Are you ready for Windows Server 2012 End of Life?

Looking ahead to the end of Windows Server 2012 and beyond

End of Life planning

In just over 18 months’ time, on 10 October 2023, Windows Server 2012 will reach the end of its 10-year product lifespan. Reaching End of Life (EOL) doesn’t mean a product will simply stop working on that date – organisations using Server 2012 could continue to use it for years to come. However, using products beyond their EOL date can create serious risks.

The Windows Server line of operating systems[i] has long been invaluable for many businesses. But Server 2012 represented an historic advance for internet-based infrastructure: it was the first server operating system to integrate extensive cloud functionality. Most enterprises using Server 2012 are computer software and IT-oriented businesses, but the OS sees significant use across all areas. Small- and medium-sized enterprises (SMEs) are the primary users of Server 2012, with approximately 70% of its customer-base being SMEs.[ii]

Server 2012 is by no means the first operating system to go EOL, but with tens of thousands of organisations throughout the world still using Server 2012, and the paradigm-shift it represented ten years ago, the end of Microsoft’s Extended Support period will send ripples throughout the IT ecosphere. Even businesses that don’t use a Windows Server product need to account for the upcoming EOL date ‒ it’s likely that a partner, client or service provider does use Server 2012. Poor EOL planning at any point could cause severe supply chain disruption.

Effective EOL planning requires organisations to have an active knowledge of all operation-critical products and their EOL dates. Each business must evaluate its options for replacing the EOL product. The supply chain should also be examined as thoroughly as possible, to prepare for any disruption to partner organisations caused by EOL transitions. Perhaps most importantly, robust failsafe planning and disaster mitigation should be put in place to account for loss of functionality during the EOL period.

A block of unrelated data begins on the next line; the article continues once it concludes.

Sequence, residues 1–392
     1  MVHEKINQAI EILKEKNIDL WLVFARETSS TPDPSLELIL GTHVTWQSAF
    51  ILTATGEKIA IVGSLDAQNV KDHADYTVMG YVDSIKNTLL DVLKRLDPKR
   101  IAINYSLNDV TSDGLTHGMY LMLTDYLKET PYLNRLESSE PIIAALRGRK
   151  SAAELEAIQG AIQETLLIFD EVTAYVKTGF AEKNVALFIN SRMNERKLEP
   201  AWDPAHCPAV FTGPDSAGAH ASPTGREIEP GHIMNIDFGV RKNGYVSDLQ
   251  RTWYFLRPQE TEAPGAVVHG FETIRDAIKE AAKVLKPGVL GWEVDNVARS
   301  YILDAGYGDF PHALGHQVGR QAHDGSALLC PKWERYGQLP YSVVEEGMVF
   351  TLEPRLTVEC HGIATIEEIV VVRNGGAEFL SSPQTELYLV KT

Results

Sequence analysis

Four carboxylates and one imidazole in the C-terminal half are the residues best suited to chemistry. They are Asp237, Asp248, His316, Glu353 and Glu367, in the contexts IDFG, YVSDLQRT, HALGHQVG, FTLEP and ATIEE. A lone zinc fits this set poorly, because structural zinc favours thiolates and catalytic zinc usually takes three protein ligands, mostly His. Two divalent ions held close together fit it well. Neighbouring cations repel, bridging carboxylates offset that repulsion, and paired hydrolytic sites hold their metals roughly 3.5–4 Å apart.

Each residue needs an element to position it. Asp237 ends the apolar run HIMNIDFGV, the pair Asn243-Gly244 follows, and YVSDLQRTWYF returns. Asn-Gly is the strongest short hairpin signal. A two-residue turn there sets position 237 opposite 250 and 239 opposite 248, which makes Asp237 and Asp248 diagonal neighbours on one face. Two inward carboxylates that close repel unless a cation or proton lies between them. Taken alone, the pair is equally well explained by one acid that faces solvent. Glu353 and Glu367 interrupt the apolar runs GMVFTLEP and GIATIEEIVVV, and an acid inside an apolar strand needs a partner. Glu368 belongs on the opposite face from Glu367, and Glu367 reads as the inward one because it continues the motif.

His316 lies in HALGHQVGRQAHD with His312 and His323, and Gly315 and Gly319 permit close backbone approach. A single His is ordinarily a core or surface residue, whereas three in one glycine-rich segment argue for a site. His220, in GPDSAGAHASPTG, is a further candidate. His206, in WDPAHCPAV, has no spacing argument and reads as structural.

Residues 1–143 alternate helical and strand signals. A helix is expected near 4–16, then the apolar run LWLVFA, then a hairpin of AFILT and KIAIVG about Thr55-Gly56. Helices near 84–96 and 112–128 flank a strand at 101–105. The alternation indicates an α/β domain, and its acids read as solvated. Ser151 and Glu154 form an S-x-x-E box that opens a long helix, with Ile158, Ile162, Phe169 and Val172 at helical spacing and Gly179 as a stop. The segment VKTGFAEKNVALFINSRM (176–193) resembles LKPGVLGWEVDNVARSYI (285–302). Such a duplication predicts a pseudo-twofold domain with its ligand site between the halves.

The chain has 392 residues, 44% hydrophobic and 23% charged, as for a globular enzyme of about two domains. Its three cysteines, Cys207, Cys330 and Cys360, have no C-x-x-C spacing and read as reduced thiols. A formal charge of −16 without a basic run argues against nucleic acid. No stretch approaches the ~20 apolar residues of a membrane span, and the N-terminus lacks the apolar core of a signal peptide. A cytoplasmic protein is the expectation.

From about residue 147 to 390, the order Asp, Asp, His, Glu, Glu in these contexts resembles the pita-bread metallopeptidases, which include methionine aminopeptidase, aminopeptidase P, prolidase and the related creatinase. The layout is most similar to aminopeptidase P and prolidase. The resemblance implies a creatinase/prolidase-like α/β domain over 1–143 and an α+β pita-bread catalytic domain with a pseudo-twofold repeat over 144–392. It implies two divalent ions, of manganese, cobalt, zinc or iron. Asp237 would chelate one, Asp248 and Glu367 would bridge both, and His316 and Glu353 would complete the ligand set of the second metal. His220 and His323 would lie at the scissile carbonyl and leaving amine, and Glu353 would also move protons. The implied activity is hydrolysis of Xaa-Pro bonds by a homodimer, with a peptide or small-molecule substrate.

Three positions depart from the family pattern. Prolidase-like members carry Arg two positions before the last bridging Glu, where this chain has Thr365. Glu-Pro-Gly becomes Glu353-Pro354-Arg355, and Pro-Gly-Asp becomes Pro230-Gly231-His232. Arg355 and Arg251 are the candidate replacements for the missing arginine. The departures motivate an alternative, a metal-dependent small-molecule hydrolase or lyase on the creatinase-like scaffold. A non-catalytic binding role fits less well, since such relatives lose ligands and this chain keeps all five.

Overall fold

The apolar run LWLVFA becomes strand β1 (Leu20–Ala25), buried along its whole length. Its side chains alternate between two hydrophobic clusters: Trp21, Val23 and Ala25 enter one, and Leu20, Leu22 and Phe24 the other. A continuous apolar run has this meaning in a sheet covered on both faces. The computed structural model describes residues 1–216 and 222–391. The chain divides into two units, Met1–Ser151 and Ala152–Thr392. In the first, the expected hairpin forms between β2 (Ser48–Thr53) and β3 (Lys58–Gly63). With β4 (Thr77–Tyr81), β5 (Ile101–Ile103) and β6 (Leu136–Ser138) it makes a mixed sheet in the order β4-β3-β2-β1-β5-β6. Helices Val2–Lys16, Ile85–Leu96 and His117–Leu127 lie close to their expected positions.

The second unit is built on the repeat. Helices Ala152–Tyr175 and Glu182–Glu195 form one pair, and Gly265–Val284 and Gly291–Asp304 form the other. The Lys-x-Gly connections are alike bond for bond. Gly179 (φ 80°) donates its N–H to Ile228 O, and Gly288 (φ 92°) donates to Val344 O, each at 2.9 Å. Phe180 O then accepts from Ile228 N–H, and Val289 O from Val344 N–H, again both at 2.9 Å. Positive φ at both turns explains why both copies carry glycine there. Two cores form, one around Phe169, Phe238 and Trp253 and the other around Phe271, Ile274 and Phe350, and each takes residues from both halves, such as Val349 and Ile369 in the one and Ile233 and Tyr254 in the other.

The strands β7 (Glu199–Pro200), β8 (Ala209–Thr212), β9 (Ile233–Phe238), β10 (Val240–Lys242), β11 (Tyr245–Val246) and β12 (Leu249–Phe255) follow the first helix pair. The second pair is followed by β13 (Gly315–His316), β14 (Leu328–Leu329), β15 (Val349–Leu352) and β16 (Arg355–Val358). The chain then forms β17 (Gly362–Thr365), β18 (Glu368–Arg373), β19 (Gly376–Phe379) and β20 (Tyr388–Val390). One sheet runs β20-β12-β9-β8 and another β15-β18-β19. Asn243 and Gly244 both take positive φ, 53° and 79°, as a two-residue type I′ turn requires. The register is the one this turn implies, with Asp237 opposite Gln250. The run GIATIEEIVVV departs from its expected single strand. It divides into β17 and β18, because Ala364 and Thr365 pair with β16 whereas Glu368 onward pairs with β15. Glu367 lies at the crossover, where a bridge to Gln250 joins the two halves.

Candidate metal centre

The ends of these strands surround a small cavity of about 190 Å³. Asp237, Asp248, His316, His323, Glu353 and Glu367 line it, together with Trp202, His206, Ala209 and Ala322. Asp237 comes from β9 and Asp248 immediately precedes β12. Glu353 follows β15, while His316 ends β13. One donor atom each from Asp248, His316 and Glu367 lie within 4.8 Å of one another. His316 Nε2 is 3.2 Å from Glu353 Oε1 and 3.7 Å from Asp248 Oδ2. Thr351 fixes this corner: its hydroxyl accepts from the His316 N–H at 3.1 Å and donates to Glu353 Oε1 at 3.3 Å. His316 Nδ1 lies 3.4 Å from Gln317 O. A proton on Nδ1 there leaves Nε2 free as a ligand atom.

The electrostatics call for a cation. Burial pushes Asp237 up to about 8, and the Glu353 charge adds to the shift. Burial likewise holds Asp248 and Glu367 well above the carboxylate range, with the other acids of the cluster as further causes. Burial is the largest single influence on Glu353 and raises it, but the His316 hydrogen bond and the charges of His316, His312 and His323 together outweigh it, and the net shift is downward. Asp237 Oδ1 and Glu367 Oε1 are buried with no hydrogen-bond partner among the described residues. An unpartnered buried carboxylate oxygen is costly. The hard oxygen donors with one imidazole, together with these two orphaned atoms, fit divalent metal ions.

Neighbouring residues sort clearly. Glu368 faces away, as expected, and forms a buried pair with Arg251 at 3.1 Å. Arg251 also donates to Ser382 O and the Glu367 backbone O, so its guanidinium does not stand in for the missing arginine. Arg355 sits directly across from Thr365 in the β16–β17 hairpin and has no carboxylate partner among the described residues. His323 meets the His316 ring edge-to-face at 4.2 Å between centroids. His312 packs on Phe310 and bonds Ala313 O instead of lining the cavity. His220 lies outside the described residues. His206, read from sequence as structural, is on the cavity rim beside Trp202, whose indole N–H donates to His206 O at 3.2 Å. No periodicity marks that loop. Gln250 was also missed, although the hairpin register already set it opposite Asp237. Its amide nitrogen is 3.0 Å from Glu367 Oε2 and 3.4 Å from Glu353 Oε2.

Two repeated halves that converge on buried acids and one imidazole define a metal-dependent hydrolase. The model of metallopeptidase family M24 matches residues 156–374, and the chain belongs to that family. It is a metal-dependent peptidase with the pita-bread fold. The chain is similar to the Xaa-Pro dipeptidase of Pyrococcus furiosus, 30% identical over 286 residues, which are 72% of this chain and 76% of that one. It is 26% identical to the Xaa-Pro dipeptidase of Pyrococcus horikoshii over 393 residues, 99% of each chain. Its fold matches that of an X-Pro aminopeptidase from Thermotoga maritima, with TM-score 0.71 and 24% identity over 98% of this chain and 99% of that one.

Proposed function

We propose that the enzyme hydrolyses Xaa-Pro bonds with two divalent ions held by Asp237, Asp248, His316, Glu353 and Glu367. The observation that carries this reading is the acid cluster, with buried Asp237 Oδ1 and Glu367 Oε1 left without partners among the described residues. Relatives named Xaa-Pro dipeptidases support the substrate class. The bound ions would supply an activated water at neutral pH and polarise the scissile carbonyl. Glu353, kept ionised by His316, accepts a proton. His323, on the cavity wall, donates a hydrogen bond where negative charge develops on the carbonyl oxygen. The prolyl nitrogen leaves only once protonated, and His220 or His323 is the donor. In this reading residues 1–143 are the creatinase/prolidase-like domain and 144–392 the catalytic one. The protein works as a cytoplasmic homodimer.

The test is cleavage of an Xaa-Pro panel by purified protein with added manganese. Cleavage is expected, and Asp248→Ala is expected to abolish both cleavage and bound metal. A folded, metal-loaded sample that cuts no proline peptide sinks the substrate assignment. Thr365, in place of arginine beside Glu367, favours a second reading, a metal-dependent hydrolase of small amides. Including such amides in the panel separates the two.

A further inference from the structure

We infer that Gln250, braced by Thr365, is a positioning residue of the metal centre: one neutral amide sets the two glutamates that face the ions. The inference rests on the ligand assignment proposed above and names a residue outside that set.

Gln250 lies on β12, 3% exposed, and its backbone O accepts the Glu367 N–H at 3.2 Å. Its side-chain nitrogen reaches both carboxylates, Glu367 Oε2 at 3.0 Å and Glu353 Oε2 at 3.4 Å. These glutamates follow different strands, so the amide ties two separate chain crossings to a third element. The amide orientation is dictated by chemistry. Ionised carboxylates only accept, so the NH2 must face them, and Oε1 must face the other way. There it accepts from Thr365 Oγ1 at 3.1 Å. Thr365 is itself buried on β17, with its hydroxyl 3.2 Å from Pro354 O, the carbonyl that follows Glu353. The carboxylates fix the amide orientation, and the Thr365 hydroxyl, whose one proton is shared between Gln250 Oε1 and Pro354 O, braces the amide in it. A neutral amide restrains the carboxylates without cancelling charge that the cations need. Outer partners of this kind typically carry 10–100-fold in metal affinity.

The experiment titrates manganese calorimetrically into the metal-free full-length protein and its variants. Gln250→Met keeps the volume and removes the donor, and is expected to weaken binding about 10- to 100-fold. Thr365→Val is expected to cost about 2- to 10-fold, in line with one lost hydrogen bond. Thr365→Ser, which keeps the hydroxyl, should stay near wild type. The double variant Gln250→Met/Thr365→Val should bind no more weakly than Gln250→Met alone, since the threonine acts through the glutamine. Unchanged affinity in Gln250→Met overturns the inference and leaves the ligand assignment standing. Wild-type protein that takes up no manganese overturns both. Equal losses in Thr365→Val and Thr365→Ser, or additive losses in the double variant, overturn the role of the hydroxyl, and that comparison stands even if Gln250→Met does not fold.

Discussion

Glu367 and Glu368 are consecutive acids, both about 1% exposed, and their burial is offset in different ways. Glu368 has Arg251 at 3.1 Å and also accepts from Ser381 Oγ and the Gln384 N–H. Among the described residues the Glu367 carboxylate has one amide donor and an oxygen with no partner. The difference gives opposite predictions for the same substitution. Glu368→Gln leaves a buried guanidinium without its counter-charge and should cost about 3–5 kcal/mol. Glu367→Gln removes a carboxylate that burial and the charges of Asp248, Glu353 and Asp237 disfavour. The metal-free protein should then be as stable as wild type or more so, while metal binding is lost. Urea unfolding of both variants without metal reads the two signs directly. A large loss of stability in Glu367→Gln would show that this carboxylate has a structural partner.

Mapping the road ahead

One of the most effective planning strategies for any IT manager is the IT roadmap. The consumer sphere has been gaining awareness of roadmaps in recent years with the growth of service-based software lifecycles, but the roadmap has long been an under-appreciated part of internal business planning. Roadmaps provide a flexible and accessible means of long-term planning and allow management to coordinate the different arms of the organisation with minimal disruption.

This requires commitment, work and cooperation to be effective. Creating an effective IT roadmap is like solving an intricate puzzle, and it needs every division of the business to be prepared to coordinate around significant events. EOL dates, changes in regulation, new technology and marketplace fluctuations will all affect the roadmap, and it must account for the whole process of every internal response to external changes. When a roadmap works and is well-maintained by the business, it improves day-to-day productivity and allows the enterprise to meet EOL dates and any other obstacles well-prepared.[iii]